On Wednesday, Gov. Jerry Brown signed two bills into effect that will raise the minimum age to purchase tobacco from 18 to 21 and reclassify electronic cigarettes as tobacco products in California.
Brown also signed three other bills, which further impose regulations on the tobacco and electronic cigarette industries by removing legal exemptions from smoking in indoor workplaces, requiring all schools to be tobacco-free and raising the state’s tobacco licensing fee. The new policies will be implemented on June 9.
Brown vetoed a sixth bill that would allow local governments to tax tobacco products at their discretion, citing his reluctance to add another tax amid the presence of several other tax proposals already placed on the 2016 ballot.
“The governor’s signature on Tobacco 21 is a signal that California presents a united front against Big Tobacco,” said state Sen. Ed Hernandez, D-West Covina, the primary author of the bill, in a press release.
While the new law will penalize the sale of tobacco to individuals under the age of 21, it does not include criminal penalties for those who are caught smoking under the age of 21. Furthermore, active military personnel are exempt from the new higher age limit.
Campus associate professor of public policy Jane Mauldon said she also believes the legislation is a policy response that seeks to alleviate the effects of smoking on the adolescent brain.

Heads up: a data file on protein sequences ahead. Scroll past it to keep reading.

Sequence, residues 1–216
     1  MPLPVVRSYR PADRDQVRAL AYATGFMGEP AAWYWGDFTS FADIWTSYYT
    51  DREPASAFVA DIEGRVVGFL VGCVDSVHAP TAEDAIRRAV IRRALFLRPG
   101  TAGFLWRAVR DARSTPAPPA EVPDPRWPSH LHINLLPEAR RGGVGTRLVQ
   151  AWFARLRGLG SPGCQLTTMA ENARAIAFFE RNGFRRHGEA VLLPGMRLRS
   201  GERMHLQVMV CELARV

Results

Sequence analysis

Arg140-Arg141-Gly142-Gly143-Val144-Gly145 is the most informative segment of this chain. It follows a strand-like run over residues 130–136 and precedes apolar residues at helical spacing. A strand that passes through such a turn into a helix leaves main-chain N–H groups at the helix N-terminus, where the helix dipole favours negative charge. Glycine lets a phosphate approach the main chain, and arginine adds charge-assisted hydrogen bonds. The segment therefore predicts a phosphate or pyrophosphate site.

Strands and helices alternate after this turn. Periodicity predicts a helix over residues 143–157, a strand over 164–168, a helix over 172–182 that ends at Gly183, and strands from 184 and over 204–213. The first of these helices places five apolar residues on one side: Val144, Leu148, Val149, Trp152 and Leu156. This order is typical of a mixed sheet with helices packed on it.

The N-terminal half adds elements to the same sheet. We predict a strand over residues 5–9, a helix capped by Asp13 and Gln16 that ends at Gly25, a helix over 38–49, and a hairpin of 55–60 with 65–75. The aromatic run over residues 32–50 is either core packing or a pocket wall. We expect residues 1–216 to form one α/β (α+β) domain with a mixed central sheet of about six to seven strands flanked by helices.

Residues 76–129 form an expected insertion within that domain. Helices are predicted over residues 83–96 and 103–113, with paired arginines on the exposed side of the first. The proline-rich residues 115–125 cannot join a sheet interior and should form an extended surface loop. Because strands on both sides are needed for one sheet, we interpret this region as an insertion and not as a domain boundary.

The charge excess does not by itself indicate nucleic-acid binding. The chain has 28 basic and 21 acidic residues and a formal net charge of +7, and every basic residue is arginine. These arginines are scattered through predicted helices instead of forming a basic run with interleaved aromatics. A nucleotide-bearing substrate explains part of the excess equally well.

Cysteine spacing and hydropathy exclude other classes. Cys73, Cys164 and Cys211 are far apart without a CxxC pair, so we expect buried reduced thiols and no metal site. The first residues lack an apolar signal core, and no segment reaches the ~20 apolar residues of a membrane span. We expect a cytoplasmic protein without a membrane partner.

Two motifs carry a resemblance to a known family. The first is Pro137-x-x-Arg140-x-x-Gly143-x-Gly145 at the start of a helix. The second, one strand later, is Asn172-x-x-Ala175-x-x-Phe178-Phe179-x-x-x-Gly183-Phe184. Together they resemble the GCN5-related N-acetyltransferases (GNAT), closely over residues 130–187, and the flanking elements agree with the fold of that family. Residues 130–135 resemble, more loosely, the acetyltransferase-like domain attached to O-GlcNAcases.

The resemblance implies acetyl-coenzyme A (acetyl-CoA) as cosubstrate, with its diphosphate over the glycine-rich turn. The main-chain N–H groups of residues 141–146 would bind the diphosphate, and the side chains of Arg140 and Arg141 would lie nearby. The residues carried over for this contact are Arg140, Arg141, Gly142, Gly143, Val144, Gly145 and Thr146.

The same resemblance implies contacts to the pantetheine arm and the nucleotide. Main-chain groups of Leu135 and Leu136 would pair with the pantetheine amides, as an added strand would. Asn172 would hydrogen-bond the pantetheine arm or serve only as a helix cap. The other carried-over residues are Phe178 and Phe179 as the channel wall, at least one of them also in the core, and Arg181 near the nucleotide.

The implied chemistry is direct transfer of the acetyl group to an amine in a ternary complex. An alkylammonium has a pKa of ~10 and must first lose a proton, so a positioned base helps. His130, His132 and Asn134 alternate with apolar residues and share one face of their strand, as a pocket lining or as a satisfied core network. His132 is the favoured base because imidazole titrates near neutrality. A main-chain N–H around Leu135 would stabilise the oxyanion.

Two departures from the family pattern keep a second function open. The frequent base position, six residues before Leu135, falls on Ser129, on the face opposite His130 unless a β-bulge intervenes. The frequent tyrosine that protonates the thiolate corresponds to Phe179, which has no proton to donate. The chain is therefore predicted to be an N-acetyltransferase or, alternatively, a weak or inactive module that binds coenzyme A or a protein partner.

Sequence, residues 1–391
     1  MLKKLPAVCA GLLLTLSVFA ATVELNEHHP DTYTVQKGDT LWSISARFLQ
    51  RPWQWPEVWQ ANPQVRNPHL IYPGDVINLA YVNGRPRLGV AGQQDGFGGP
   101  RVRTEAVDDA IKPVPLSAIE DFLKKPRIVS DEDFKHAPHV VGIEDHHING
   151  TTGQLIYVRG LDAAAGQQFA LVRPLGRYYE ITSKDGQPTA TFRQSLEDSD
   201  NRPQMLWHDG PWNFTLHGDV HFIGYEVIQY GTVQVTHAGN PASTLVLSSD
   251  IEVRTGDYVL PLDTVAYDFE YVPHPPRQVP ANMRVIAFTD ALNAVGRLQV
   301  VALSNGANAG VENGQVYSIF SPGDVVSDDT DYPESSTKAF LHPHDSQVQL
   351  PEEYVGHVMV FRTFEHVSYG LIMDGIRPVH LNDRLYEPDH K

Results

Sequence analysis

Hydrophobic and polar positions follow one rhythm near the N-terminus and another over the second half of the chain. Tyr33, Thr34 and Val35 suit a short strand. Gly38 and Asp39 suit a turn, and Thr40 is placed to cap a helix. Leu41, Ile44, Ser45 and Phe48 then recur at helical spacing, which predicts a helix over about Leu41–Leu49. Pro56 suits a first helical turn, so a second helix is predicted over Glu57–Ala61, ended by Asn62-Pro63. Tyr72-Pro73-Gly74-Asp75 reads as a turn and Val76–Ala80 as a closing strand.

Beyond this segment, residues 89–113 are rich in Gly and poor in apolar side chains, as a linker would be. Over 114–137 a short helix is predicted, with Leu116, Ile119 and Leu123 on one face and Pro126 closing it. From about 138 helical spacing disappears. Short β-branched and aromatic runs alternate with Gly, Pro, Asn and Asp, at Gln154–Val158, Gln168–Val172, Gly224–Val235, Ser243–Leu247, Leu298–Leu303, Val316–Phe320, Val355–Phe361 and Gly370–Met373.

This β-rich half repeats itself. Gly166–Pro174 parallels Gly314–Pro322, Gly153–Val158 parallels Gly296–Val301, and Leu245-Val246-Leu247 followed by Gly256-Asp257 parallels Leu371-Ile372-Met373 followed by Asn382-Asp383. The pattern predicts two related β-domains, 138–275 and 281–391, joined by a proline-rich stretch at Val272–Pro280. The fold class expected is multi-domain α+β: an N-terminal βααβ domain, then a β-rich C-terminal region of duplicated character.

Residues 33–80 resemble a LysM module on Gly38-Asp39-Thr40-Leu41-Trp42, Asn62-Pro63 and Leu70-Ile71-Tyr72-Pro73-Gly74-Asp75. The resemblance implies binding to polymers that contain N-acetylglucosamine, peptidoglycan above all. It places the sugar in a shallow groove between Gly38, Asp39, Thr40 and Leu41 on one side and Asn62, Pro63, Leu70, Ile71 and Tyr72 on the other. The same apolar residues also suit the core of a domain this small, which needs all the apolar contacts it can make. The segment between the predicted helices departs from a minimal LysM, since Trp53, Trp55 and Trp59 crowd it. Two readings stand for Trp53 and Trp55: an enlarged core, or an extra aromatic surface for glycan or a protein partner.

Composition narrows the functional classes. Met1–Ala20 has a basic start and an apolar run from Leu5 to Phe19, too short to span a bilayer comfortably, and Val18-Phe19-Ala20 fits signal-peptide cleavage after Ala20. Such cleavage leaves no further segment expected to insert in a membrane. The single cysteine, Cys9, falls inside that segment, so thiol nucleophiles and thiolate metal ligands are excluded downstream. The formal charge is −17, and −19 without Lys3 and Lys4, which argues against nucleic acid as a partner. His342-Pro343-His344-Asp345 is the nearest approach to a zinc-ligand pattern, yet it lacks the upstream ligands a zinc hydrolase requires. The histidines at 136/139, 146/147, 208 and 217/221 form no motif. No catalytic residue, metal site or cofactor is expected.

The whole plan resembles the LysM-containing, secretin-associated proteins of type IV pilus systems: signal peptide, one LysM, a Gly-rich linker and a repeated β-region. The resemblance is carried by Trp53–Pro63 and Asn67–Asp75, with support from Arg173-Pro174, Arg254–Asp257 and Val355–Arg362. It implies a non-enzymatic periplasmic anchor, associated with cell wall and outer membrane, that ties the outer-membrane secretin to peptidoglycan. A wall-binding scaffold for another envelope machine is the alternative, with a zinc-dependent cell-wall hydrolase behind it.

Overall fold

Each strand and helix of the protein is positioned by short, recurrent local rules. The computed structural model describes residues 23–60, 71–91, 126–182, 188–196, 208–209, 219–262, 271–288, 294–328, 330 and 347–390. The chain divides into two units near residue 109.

“The role of addiction in developing brains is very powerful, and cigarettes have a particularly powerful role in the developing brain,” Mauldon said. “This is an example of an age-graded policy, specifically responding to distinctive features of being a young adult and that one’s brain and one’s social identity are being formed.”
Mauldon said while she doesn’t believe using e-cigarettes is as harmful a practice as smoking tobacco cigarettes, the nicotine in e-cigarettes could establish them as a gateway drug to cigarettes, especially for adolescents.
Greg Conley, the president of the American Vaping Association, a nonprofit advocacy group for e-cigarettes, disagreed with the legislation that labeled e-cigarettes as tobacco products.
He also cited a recent study conducted by the Royal College of Physicians in the United Kingdom as evidence that vaping is distinct from cigarette use. The study reported that the health risk of smoking e-cigarettes was unlikely to exceed 5 percent of the harm from smoking tobacco.
Conley also explained how equating electronic cigarettes with tobacco usage negatively impacts those trying to quit smoking tobacco through the utilization of electronic cigarettes.
“It sends the deadly message to hundreds of thousands of smokers that vaping is just another method of using tobacco and that there is no alternative,” Conley said.
Alok Narahari is the lead business and economy reporter. Contact him at [email protected].